September 17, 2015 By Douglas Bonderud 2 min read

Last November, a group of technology companies, along with the Electronic Frontier Foundation (EFF) and the University of Michigan, founded Let’s Encrypt, an open-source project to create the world’s first automated — and free — certificate authority (CA). On Sept. 15, 2015, the group’s flagship cert went live.

In a recent Threatpost article, Peter Eckersley, chief computer scientist at the EFF, said these beta certs should be valid on browsers within a month once the CA is cross-signed to function with existing software. The ultimate goal? To make HTTPS conversion not only simple, but cost-effective for businesses of all shapes and sizes and finally relegate the less secure HTTP to second place.


News about HTTPS is quickly becoming popular fodder for tech publications: Some companies embrace it, some decry it and still others look for ways to circumvent the technology altogether. As noted by the EFF, however, the security value of HTTPS can’t be overstated. Simply put, it protects everything “after the slash” in a URL, from browser communications to specific pages on websites.

The Foundation also noted that this kind of broad security makes it more difficult for nation-states to block website access, as Russia recently found out when trying to block “offensive” Wikipedia content. Since the online encyclopedia recently adopted full HTTPS, shutting down one page blocked access to the entire site, in turn prompting widespread pushback. In other words, HTTPS makes censorship much more public and much more difficult to maintain.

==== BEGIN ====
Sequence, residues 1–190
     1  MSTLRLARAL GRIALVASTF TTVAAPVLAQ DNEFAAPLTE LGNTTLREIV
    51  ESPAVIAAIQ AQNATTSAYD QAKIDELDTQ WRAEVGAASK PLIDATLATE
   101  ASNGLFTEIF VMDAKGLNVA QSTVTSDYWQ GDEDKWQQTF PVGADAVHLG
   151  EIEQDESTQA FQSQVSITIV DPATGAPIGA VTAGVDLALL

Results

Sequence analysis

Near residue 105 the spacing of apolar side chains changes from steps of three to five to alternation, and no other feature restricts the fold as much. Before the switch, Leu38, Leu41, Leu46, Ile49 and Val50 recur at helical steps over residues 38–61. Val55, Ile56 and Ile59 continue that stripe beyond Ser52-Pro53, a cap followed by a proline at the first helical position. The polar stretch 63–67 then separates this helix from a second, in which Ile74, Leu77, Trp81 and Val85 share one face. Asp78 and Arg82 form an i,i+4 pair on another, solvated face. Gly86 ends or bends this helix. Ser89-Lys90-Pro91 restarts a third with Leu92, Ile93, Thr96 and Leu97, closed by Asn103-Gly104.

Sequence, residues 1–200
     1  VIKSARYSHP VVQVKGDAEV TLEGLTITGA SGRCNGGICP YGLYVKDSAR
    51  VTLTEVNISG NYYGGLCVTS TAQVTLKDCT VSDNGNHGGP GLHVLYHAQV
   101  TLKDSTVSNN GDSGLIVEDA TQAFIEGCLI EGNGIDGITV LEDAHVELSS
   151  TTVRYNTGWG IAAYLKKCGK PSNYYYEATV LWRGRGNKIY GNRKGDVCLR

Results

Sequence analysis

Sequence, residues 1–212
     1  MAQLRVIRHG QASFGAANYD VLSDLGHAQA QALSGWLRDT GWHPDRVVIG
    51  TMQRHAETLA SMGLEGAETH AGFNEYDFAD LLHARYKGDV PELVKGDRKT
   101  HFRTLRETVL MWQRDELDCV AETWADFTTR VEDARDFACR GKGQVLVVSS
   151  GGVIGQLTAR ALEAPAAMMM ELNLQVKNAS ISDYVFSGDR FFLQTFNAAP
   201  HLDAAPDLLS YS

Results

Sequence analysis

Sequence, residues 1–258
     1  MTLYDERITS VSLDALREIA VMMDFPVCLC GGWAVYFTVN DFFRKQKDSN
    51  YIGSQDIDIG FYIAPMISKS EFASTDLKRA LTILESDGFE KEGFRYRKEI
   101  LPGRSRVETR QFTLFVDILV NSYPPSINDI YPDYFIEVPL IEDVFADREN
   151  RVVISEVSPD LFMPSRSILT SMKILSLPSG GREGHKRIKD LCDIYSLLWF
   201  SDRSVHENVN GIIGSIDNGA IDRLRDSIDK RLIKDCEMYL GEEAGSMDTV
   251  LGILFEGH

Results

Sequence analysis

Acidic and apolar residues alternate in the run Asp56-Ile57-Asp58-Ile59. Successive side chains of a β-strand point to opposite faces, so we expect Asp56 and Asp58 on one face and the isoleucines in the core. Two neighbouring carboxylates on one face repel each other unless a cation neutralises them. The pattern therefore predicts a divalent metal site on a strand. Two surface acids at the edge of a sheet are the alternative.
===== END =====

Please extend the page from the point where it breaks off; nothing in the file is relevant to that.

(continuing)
Search Engine Land, meanwhile, pointed to another possible benefit of HTTPS: better search rankings. According to recent comments made by Google’s Gary Illyes, HTTPS may act as a tiebreaker in cases where the quality of two search results is otherwise equal thanks to the search giant’s recent ranking boost to sites using the secure protocol. While Illyes said that choosing HTTP is still “perfectly fine,” companies in tight, competitive niches would be well-served using HTTPS to gain every advantage possible.

The New Cert

Despite HTTPS benefits, however, some companies have been reluctant to make the switch. As noted by CSO Online, part of the problem is cost since the SSL/TLS certificates needed are often expensive and expire after a certain period. Let’s Encrypt, meanwhile, wants to make certificates free for anyone who applies. In addition, the new CA wants to reduce the complexity of the certificate application process by eliminating the human element; the entire service is automated. Doing so required the project to create Boulder, a trustworthy authentication mechanism that sits on top of the Automated Certificate Management Environment (ACME).

Ideally, companies will be able to make automated cert requests and the CA will respond with a list of challenges that must be addressed before certificates are issued. In fact, getting this far is quite the accomplishment — CAs require specialized infrastructure and security mechanisms along with paperwork to ensure processes have been properly audited. If all goes well, the certs will start working within a month while the company’s root propagates; applications for Google, Mozilla, Microsoft and Apple root programs have already been submitted.

The bottom line? The open source effort isn’t looking to replace existing CAs but instead offer a simple option for companies looking to leverage the benefits of HTTPS without incurring the costs or dealing with the complication. While this won’t instantly make the entire Internet secure since many sites will continue to self-sign their certificates, it’s a critical step forward in the fight for an open — and encrypted — future.

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